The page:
Leverage is an explosive tactic that is not to be used lightly. It’s for when an employer is already in an aggressive posture. It isn’t a replacement for strikes— nothing can be more powerful than collective action by the workers. But in some cases strikes are impossible or unsuitable. That’s when leverage comes in. These are muscular campaigns, very different to usual industrial relations. They are not negotiations; we make demands—reinstate a sacked shop steward, recognise the union, stick to a national agreement. The company needs to know we’re serious and that our campaign will escalate, making each day worse for it than the one before.
Leverage was pioneered by Unite’s organising department, headed by Sharon Graham, now the union’s general secretary, who is regarded as the best organiser in the whole of Europe. It developed out of our organisers’ experience of fighting companies for union recognition when, of course, strike action isn’t yet possible. From these conflicts different ways to pressure employers were developed and leverage was born.
We first used leverage in a concerted way in a dispute with Honda in Swindon in 2011, soon after I became general secretary. The company wanted to rip up our recognition agreement and suspended our senior shop steward. Taking out a steward crosses a line—if we can’t defend our stewards, we’re nothing. But there was too much fear among the workforce to strike, so we decided to try leverage. Before long, Honda executives were flying over from Japan to meet me. The result of the dispute was that our steward was reinstated and the managing director of the plant was sacked. Along the way, we gained 1,200 new members who were attracted by a union fighting for them.
The actions we take as part of a leverage campaign range from, at the lighter end of the scale, stunts to get the decision maker’s attention—such as showing up at a CEO’s golf club or protesting outside a company’s HQ—through to heavier financial initiatives—such as pressuring a company’s contractors or speaking to industry analysts and credit ratings agencies about our plans. In the early days of leverage it was difficult to get such analysts in the room. Now they queue up for information because they know our actions will affect the industry they monitor. The information they put in their reports is then read by investors and can impact the value of the company. During a dispute with British Airways in 2020, 48 industry analysts and two of the big credit rating agencies joined a conference call with Sharon to hear what we were planning to do.
Often, the best way to make an employer reverse course will not be to hit the company itself, or its biggest shareholders—because they are the hardest to move—but the clients from whom it generates its income. One of the best wins we’ve ever had came after seven construction companies, led by Balfour Beatty, announced in 2012 their intention to withdraw from a long-standing national agreement between employers and unions and create their own agreement known as BESNA. In response, we launched a leverage campaign that shook them to the core. We spoke to potential clients of Balfour Beatty and told them that if they went with the company they would have us in their hair all day long; if they didn’t, we would go away.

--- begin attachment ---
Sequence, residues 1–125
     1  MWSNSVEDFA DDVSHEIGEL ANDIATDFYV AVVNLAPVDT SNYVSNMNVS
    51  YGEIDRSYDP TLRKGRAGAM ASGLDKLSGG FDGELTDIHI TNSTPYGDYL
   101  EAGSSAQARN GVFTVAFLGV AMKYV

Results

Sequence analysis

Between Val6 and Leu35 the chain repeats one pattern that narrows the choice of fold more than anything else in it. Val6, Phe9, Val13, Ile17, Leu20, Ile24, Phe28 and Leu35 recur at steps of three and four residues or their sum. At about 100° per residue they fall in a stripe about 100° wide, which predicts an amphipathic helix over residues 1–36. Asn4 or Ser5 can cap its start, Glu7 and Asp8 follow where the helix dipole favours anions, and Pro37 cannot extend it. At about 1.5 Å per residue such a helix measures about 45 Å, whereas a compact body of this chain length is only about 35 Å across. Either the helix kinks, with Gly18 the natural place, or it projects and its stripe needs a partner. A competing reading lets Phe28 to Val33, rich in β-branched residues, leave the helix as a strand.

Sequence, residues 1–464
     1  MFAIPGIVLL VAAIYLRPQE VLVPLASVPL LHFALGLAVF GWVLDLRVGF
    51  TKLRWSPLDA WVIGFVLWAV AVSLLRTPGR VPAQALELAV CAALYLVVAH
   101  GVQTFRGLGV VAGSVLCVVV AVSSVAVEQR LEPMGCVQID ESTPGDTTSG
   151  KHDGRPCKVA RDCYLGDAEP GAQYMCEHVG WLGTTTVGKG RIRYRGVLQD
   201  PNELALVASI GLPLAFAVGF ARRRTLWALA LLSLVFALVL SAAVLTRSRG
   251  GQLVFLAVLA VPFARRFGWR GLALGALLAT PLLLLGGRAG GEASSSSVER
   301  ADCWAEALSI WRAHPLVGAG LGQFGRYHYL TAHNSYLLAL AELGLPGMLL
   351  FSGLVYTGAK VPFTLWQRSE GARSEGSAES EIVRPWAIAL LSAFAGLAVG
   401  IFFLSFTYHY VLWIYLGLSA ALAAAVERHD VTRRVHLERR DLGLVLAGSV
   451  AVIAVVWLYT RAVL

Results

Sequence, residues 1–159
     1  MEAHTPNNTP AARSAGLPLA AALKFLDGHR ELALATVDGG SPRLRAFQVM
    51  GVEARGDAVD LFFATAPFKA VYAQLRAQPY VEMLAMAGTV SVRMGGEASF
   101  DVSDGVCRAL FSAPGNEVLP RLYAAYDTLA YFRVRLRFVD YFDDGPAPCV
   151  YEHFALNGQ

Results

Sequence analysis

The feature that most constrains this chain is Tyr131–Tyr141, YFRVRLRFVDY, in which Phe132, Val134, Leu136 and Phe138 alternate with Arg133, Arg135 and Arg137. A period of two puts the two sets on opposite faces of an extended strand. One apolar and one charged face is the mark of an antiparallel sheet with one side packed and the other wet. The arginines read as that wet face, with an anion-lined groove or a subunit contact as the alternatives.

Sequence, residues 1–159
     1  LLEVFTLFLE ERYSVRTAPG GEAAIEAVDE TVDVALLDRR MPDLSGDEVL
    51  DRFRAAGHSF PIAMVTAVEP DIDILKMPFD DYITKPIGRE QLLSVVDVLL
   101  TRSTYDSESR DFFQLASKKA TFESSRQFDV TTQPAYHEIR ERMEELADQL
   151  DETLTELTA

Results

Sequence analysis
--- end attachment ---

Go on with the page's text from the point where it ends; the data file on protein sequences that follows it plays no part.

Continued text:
We also called in the help of the Teamsters union in North America to send dozens of their members to occupy Balfour Beatty’s US offices. I like to imagine their American CEO exclaiming, “Goddamn it, what the hell’s happening here?” It was reported to me that he really did say he wasn’t having some poxy dispute in the UK disrupting his life. That led to a memorable moment when Balfour Beatty’s UK managing director rang me in my office at about 8 p.m. one evening. His words were reminiscent of a scene from a favourite film of mine, ‘The Godfather’: “Len, how did we get this far? We didn’t want this. How can we put it right?” I replied that it was easy: simply email straight away to confirm that Balfour Beatty would stick with the national agreement. Ten minutes later the email arrived and the following morning the other six companies capitulated.
The following year, we won another big construction industry dispute after one of our stewards working on the Crossrail project in London was sacked having raised safety concerns (more than half our leverage campaigns have been in response to the sacking of stewards). We launched a fantastic campaign that included occupations of the offices of major corporate investors, the rail regulator, and even Google; the blocking of Oxford Street, Park Lane and Earls Court; and international solidarity protests in Holland, France, Spain, the US and Canada to pressure clients not to do deals with blacklisting companies. That led to a funny episode when I was in Toronto for a meeting with the United Steelworkers. One of the Crossrail contractors, a Spanish company called Ferrovial, operated a toll bridge in the city. Someone at the meeting said to me, “Hey Len, what’s this about your people shutting down the bridge?” It was news to me. It turned out Sharon had somehow managed to close a bridge in Toronto over a dispute in London.
When the passenger transport company Go Ahead sacked a steward working on the buses in Manchester, we discovered its growth plan was to move into the Norwegian rail market by winning a contract worth £3.8 billion. We dispatched a team to speak to Norwegian politicians and the press, armed with a dossier detailing how this company dealt with rail contracts in the UK. The company was forced to weigh the benefit of getting rid of the steward against the threat to a multi-billion-pound contract. Soon enough, the steward was back at work.